Dalarna University, School of Technology and Business Studies, Environmental Engineering.
    Electrical savings by use of wood pellet stoves and solar heating systems in electrically heated single-family houses2005In: Energy and Buildings, ISSN 0378-7788, E-ISSN 1872-6178, Vol. 37, no 9, 920-929 p.Article in journal (Refereed)
    Abstract [en]

    This study investigates how electrically heated single-family houses can be converted to wood pellets- and solar heating using pellet stoves and solar heating systems. Four different system concepts are presented and system simulations in TRNSYS evaluate the thermal performance and the electrical savings possible for two different electrically heated single-family houses. Simulations show that the electricity savings using a wood pellet stove are greatly affected by the level of comfort, the house plan, the system choice and if the internal doors are open or closed. Installing a stove with a water-jacket connected to a radiator system and a hot water store has the advantage that heat can be transferred to domestic hot water and be distributed to other rooms. Such systems leads to that more electricity can be replaced, especially in houses having a traditional plan. Though it is unnecessary to have too many radiators connected to a stove with a low fraction of energy heating the water jacket. Today’s most common control strategy for stoves, (the on/off-control) results in unnecessarily high emissions. A more advanced control varying the heating rate from maximum to minimum to keep a constant room temperature reduces the number of starts and stops and thereby the emissions.

  • 11.
    Swing Gustafsson, Moa
    et al.
    Dalarna University, School of Technology and Business Studies, Energy Technology. Mälardalen University.
    Gustafsson, Marcus
    Dalarna University, School of Technology and Business Studies, Energy Technology. KTH.
    Myhren, Jonn Are
    Dalarna University, School of Technology and Business Studies, Construction.
    Dotzauer, Erik
    Mälardalen University.
    Primary energy use in buildings in a Swedish perspective2016In: Energy and Buildings, ISSN 0378-7788, E-ISSN 1872-6178, Vol. 130, 202-209 p.Article in journal (Refereed)
    Abstract [en]

    The building sector accounts for a large part of the energy use in Europe and is a sector where the energy efficiency needs to improve in order to reach the EU energy and climate goals. The energy efficiency goal is set in terms of primary energy even though there are different opinions on how to calculate primary energy. When determining the primary energy use in a building several assumptions are made regarding allocation and the value of different energy sources. In order to analyze the difference in primary energy when different methods are used, this study use 16 combinations of different assumptions to calculate the primary energy use for three simulated heating and ventilations systems in a building. The system with the lowest primary energy use differs depending on the method used. Comparing a system with district heating and mechanical exhaust ventilation with a system with district heating, mechanical exhaust ventilation and exhaust air heat pump, the former has a 40% higher primary energy use in one scenario while the other has a 320% higher in another scenario. This illustrates the difficulty in determining which system makes the largest contribution to fulfilling the EU energy and climate goals.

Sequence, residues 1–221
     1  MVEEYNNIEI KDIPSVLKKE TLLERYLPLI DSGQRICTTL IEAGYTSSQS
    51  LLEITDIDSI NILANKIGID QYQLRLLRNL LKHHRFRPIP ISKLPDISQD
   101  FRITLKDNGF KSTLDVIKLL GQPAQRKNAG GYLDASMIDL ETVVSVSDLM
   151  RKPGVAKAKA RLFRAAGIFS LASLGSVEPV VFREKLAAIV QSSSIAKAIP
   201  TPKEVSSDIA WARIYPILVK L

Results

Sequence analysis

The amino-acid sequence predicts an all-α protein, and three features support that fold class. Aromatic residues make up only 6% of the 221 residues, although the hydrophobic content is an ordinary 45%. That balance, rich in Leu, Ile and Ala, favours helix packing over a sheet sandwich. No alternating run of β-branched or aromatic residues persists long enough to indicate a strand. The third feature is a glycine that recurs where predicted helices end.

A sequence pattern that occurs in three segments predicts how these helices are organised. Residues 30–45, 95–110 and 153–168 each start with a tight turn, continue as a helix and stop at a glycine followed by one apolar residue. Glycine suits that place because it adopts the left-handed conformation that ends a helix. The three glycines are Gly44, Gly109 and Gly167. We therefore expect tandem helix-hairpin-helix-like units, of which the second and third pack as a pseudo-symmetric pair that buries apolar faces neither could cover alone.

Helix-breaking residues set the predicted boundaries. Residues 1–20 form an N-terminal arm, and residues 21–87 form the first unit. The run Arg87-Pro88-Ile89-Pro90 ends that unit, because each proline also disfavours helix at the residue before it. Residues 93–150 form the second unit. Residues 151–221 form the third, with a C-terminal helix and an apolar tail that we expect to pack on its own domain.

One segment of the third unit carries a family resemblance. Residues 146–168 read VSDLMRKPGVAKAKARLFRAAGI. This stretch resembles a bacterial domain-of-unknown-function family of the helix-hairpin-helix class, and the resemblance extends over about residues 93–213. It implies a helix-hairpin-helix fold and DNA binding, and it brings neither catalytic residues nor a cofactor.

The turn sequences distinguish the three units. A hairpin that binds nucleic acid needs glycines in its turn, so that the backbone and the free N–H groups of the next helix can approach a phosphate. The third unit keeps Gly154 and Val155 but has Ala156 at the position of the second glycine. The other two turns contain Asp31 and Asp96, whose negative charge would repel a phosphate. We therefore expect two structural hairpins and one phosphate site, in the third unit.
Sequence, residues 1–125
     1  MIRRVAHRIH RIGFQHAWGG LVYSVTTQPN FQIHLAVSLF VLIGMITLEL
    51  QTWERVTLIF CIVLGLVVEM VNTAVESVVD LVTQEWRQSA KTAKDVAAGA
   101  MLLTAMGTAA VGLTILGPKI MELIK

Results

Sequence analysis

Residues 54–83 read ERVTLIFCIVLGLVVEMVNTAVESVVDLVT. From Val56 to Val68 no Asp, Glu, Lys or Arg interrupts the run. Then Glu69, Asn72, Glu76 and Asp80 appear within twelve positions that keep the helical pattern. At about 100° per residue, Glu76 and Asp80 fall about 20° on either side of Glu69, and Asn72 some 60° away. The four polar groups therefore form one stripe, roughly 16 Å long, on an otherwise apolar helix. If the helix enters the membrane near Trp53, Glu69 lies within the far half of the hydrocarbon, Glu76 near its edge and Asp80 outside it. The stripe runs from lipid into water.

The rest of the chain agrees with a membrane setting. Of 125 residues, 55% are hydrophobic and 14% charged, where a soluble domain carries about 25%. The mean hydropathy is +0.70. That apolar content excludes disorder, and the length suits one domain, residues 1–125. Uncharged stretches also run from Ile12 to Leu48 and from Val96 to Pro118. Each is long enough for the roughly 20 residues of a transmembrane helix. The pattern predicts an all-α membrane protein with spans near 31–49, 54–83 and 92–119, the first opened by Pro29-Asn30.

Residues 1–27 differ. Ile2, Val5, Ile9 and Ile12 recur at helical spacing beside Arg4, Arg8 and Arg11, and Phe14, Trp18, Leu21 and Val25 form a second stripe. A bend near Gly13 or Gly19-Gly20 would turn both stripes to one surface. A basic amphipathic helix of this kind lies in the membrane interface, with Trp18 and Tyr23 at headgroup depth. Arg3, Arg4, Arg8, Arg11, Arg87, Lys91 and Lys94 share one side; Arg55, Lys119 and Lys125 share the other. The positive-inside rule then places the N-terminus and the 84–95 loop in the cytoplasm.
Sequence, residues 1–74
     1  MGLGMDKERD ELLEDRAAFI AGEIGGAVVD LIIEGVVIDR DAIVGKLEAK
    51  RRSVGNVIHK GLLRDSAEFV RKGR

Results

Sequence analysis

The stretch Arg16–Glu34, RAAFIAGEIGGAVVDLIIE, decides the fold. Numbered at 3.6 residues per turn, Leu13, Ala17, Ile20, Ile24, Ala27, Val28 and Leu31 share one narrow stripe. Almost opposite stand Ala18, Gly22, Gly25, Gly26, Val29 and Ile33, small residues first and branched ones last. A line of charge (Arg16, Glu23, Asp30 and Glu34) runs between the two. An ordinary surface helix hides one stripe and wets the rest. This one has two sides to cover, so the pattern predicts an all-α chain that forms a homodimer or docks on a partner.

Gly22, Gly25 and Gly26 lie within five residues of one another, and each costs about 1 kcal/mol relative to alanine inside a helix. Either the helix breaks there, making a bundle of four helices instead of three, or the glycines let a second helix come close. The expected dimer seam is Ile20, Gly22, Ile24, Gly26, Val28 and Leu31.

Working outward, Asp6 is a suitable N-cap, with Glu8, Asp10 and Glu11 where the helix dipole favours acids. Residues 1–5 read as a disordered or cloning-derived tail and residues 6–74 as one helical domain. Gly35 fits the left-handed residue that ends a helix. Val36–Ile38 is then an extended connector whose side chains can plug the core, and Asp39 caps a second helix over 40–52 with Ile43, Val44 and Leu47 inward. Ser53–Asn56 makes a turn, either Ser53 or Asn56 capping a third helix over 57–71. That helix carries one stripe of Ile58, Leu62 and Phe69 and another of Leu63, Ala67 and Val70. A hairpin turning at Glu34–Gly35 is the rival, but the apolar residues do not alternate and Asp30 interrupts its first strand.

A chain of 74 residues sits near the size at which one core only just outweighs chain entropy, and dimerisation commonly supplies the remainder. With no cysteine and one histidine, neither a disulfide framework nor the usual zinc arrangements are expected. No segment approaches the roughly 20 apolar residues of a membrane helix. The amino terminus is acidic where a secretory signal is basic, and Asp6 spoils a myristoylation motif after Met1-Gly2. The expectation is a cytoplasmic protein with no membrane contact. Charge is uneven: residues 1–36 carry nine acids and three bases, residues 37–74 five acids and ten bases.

• 12. Udomsri, Seksan
    et al.
    Bales, Chris
    Dalarna University, School of Technology and Business Studies, Energy and Environmental Technology.
    Martin, Andrew
    Martin, Viktoria
    Decentralised cooling in district heating network: Monitoring results and calibration of simulation model2011In: Energy and Buildings, ISSN 0378-7788, Vol. 43, no 12, 3311-3321 p.Article in journal (Refereed)
    Abstract [en]

    This article presents the monitoring results of a thermally driven chiller (TDC) driven by district heat from a network supplied by a centralised combined heat and power (CHP) fired with municipal waste. The main objective of this article is to analyse the monitoring results obtained from the demonstration and calibrate a system model that is later used for parametric studies in order to find improved system design and control. The calibration of the system model was made in three stages and all the energy performance figures were within 4% of the measured values. Results show that the TDC system is capable of providing maximum thermal and electrical COP's of 0.50 and 4.6 respectively during the hottest period. For the complete monitoring period during the summer of 2008, the figures were 0.41 and 2.1. The lower figures were due to continuous pump operation inside the TDC even during periods of no cold production and a period when no cold was produced. However the internal pumps inside the TDC have been removed in the new version TDC to increase the electrical COP. System simulation and parametric studies will be employed to further determine how the electrical COP can be improved.